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On the eve of its annual Oracle OpenWorld conference in San Francisco, the supplier has announced first-quarter 2016-17 revenues of $8.6bn, up by 2% on the same quarter in 2016, but $100m short of its declared target. The company cited the effects of the Brexit decision as a factor in the reduction in anticipated revenues and profit.
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Oracle’s cloud revenue for the quarter was $969m, 11% of the total – up from 7% of total revenue for the same quarter in 2016 ($611m), and so an increase of 58%.
The supplier registered $2.6bn in operating profit, a margin of 31%. Net profit was $1.8bn, up by 3% on 2016’s Q1 figure of $1.75bn.
“Next week at Oracle OpenWorld, we will introduce the second generation of our infrastructure as a service [IaaS],” said Oracle chairman and CTO Larry Ellison in an earnings statement.
“Our Generation2 IaaS delivers twice the compute, twice the memory, four times the storage and 10 times more I/O [input/output] at a 20% lower price than Amazon Web Services. IaaS represents a huge new cloud opportunity for Oracle to layer on top of our rapidly growing SaaS [software-as-a-service] and PaaS [platform-as-a-service] businesses”.
Oracle co-CEO Safra Catz said in the same statement: “As our SaaS and PaaS business continues its rapid growth, we expect its gross margins to climb from 62% this quarter toward our 80% target.”
In an analyst earnings call transcript, provided by the Seeking Alpha news and results service, she added: “Our total cloud revenue in the quarter was nearly $1bn, up by 63% in constant currency from last year.”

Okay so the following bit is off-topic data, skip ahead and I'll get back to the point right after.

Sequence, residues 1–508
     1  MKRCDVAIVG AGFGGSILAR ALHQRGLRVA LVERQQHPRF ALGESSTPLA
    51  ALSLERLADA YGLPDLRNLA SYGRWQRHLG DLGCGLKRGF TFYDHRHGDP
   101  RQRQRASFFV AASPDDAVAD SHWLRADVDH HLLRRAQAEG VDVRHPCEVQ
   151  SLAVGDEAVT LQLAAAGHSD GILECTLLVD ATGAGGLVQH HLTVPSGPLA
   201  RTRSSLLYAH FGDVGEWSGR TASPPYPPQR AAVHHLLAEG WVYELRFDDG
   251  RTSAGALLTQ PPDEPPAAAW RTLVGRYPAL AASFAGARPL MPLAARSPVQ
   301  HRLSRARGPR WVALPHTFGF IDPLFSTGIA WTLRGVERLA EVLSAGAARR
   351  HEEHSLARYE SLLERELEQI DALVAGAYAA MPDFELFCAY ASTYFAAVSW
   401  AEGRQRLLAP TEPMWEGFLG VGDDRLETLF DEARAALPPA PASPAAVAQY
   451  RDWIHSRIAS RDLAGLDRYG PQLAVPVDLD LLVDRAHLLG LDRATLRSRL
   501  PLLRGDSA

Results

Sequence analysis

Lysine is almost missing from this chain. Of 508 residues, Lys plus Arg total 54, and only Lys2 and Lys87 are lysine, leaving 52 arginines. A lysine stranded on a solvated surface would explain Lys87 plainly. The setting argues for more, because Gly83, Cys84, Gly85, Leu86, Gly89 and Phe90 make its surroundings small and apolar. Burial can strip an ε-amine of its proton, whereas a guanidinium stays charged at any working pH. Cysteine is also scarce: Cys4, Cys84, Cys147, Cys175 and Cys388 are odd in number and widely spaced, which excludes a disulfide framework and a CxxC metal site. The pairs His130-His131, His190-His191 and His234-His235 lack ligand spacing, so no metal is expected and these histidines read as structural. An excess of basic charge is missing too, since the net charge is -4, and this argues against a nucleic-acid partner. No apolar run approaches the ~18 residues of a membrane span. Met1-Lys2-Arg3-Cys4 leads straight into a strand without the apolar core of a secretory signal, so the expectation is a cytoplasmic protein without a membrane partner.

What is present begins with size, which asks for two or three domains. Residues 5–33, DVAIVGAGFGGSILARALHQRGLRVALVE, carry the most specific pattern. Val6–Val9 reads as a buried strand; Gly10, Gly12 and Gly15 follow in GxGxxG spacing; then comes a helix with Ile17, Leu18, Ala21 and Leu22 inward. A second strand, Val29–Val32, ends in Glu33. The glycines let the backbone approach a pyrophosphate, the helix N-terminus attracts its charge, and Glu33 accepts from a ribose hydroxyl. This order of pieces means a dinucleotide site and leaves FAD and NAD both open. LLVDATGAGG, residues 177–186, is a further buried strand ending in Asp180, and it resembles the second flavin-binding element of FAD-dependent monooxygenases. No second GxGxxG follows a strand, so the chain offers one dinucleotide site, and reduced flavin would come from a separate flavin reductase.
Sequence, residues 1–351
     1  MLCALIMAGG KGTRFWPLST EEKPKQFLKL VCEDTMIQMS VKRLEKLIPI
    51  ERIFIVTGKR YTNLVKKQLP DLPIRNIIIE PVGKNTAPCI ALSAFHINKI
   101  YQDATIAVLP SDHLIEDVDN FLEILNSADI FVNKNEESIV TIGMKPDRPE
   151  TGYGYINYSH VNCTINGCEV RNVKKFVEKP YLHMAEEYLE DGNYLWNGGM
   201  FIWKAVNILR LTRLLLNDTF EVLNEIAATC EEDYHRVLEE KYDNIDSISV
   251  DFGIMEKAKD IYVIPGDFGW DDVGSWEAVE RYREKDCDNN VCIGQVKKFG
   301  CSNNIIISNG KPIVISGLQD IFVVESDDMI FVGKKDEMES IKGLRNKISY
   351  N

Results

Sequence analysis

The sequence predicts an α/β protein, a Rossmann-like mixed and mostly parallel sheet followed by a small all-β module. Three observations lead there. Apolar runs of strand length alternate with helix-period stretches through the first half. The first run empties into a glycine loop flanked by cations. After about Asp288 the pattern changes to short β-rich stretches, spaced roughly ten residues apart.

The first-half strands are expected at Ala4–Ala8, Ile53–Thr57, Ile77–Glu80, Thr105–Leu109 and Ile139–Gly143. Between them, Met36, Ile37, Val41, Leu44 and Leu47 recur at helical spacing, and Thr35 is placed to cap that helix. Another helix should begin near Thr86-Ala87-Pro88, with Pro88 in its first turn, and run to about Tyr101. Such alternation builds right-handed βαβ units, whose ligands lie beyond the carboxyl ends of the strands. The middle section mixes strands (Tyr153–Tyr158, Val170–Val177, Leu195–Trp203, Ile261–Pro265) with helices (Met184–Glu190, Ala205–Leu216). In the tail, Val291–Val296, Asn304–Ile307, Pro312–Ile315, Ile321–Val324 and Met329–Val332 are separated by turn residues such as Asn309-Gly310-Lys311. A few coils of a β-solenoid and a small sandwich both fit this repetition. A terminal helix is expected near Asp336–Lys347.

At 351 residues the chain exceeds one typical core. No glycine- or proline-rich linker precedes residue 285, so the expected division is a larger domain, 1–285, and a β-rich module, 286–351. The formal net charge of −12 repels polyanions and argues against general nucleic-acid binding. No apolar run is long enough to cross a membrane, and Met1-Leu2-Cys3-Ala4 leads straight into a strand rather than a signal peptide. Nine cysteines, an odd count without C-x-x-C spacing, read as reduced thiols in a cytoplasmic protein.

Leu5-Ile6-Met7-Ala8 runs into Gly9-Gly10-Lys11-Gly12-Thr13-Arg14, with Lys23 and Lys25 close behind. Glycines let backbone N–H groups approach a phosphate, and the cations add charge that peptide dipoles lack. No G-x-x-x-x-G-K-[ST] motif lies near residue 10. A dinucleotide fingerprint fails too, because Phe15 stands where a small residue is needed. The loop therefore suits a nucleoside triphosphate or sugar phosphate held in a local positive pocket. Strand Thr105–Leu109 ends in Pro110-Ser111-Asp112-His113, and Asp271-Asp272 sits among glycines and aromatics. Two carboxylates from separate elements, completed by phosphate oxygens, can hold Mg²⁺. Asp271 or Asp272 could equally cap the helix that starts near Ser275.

But Catz also acknowledged that “the surprise Brexit vote” had caused currency movements that reduced expected profits by 1%.
“This year we are on track to sell more than $2bn of SaaS and PaaS annually recurring revenue,” commented Catz’ fellow CEO Mark Hurd.
“We believe this will be the second year in a row that Oracle has sold more SaaS and PaaS than any cloud services provider. In the first quarter alone, we added more than 750 new SaaS customers, including 344 new SaaS Fusion ERP [enterprise resource planning] customers – that’s more ERP customers than Workday has sold in the history of their company.”
On the analyst call, Hurd added that Oracle will announce the latest-version database at Oracle OpenWorld on Sunday 18 September 2016. “It’s going to be available in the cloud, on Exadata [the supplier’s in-memory database appliance],” he said.
Also on the call, Ellison said it was still early days for Oracle’s cloud business.
“We’re now beginning to move our installed base into the cloud. And this is a lot of expansion. It’s not like they’re going to stop running on-premise,” he said.
“We believe this is sort of the next decade. This is a coexistence story. They are going to continue running some of their stuff on-premise and they’re going to move some of their stuff into the cloud and those two things have to coexist”.